Are Your Nursing Assistants in the Know About Tuberculosis?

Do your CNAs know that one third of the world’s population is infected with tuberculosis? While TB rates are down in the U.S., tuberculosis continues to be a serious problem. By sharing the following information and tips at your next CNA inservice meeting, you’ll arm your aides with the knowledge they need to continue the fight against TB.

What’s the Deal with Tuberculosis?

One hundred years ago TB was the number one cause of death in the United States. But, who cares? That was one hundred years ago! We’ve come a long way in controlling TB since then, right? Well, yes… and no.

Yes, we have tests to tell if people have TB and we have drugs to treat the disease. And, we’ve learned how to protect healthcare workers from being infected and how to keep other patients in a hospital safe from a patient with TB.

But, the bacteria that cause TB are not giving up! Still, nearly 14,000 new cases of TB are reported each year in the United States. The TB bacteria have learned how to outsmart our best drugs. And, they like to attack people who have weak immune systems-like people with AIDS.

These tiny bacteria cause a serious disease that usually attacks and damages the lungs, but can also affect other parts of the body like the kidneys, the spine and the brain.

A third of the world’s population (about 2 billion people) are infected with TB bacteria. And, one out of every ten of those people will become sick with active TB.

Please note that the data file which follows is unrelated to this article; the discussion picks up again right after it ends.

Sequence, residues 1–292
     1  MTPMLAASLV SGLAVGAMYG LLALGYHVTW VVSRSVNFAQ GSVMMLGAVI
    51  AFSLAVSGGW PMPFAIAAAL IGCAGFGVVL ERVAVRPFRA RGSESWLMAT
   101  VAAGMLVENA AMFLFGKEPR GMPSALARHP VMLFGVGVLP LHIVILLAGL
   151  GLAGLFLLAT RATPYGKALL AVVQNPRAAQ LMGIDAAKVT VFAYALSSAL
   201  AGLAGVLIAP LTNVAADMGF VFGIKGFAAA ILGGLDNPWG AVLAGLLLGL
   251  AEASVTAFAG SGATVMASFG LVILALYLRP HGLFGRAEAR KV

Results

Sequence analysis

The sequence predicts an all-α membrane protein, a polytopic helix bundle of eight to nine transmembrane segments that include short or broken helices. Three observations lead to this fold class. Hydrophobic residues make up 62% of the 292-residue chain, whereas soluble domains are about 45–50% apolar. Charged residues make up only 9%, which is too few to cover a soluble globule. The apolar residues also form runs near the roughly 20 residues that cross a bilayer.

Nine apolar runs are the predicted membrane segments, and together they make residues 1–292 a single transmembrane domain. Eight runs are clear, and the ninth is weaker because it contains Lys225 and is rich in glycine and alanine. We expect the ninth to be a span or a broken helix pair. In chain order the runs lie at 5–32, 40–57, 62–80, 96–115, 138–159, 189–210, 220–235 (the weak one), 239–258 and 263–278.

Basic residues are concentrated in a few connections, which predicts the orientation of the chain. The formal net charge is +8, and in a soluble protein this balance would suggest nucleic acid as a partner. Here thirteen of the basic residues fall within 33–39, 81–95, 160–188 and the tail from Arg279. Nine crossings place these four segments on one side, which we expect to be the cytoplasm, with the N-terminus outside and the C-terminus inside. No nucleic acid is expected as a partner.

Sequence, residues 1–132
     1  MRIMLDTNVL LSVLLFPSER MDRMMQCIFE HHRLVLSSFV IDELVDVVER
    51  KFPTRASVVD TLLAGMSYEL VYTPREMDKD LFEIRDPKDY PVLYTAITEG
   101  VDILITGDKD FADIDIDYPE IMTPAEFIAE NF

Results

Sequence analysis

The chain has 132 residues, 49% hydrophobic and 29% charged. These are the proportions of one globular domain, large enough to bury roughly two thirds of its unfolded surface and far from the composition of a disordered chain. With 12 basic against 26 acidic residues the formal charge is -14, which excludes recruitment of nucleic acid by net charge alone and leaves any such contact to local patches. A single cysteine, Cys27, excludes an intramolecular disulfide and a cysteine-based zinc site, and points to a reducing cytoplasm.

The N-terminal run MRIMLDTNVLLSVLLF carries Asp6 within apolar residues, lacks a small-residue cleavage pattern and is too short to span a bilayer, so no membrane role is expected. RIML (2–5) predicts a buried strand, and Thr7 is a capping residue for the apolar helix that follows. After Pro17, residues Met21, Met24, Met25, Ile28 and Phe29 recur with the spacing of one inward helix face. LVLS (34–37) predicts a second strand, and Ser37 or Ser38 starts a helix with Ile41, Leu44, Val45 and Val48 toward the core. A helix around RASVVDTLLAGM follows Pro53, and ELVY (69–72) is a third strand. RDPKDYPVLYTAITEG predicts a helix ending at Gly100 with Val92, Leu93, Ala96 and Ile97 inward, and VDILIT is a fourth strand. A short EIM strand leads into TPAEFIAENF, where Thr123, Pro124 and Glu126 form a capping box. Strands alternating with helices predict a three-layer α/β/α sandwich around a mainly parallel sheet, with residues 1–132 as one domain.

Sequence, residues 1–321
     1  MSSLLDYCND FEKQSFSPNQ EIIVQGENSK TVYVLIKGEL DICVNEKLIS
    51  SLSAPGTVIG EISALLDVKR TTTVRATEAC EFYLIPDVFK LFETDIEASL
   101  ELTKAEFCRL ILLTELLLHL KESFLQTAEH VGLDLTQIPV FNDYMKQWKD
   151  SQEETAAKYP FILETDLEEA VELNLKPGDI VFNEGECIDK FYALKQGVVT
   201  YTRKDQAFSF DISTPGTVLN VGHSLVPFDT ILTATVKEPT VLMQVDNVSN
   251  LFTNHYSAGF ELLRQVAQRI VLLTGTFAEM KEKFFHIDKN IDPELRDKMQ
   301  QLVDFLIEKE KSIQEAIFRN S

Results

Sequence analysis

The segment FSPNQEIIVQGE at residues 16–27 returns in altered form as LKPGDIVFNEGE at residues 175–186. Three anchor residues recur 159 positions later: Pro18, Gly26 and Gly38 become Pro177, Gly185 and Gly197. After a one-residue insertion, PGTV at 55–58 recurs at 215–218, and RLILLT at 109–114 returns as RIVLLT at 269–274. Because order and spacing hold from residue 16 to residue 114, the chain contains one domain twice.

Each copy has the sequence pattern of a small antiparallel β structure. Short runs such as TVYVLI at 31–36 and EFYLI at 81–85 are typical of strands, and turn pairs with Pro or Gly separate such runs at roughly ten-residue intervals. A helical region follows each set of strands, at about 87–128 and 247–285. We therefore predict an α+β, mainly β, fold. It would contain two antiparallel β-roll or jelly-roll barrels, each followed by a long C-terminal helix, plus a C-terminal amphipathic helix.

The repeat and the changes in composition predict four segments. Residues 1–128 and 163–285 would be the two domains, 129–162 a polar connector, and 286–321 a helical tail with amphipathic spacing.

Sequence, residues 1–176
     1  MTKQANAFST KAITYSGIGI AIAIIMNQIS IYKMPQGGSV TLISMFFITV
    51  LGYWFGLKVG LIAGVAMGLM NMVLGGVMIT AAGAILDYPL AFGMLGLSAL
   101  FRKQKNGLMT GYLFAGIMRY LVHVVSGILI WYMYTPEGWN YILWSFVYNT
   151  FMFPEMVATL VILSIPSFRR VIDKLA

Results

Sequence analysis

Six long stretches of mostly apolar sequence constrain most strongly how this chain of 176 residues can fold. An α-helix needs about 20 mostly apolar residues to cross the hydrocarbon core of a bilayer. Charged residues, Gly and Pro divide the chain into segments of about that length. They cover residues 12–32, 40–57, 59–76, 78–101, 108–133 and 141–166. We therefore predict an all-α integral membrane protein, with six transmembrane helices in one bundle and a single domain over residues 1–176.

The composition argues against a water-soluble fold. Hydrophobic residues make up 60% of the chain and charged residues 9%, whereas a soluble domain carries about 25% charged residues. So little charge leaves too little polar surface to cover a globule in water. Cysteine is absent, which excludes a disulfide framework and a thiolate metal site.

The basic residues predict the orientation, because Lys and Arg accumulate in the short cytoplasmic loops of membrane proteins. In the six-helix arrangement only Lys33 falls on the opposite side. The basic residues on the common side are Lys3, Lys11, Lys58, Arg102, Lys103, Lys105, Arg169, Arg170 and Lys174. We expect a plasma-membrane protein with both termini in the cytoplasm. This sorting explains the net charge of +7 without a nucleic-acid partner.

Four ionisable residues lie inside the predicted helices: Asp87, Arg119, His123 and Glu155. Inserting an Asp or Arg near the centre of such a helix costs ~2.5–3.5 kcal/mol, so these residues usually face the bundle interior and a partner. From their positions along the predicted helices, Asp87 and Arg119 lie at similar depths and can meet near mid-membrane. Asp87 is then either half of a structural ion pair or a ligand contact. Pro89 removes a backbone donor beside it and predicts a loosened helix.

So, it has never been more important to practice proper infection control measures against TB. In fact, our government has “declared war” against TB. The goal is to get rid of the TB bacteria in the United States by the year 2010! Reaching this goal will require your help-keep reading to find out how you can become part of the solution!

TB Terms You Should Know

EXPOSED: People are exposed to tuberculosis when they share the same air as a person who has infectious TB.

TB SKIN TEST: There is a skin test for TB infection in which a small amount of testing fluid is injected just under the skin on the lower part of the arm. After two or three days, a health care worker checks for a positive reaction at the injection site. You might hear this test called a “Mantoux” test or a “PPD” test.

LATENT TB INFECTION: People with latent TB infection have no symptoms, don’t feel sick, can’t spread TB to others, and usually have a positive skin test reaction. But they may develop TB disease later in life if they do not receive treatment for latent TB infection.

TB DISEASE: People who show signs of being sick from the tuberculosis bacteria are said to have TB disease. They have active or infectious tuberculosis disease-and can spread it to others. People with TB disease show signs of having TB when doctors check their chest x-rays and look at their sputum under a microscope.

MULTIDRUG-RESISTANT TB (MDR TB) – TB disease caused by bacteria resistant to more than one drug often used to treat TB.

QUARANTINE: Keeping people who have active TB disease in quarantine means that they are made to stay in a hospital or in their homes until they are no longer infectious.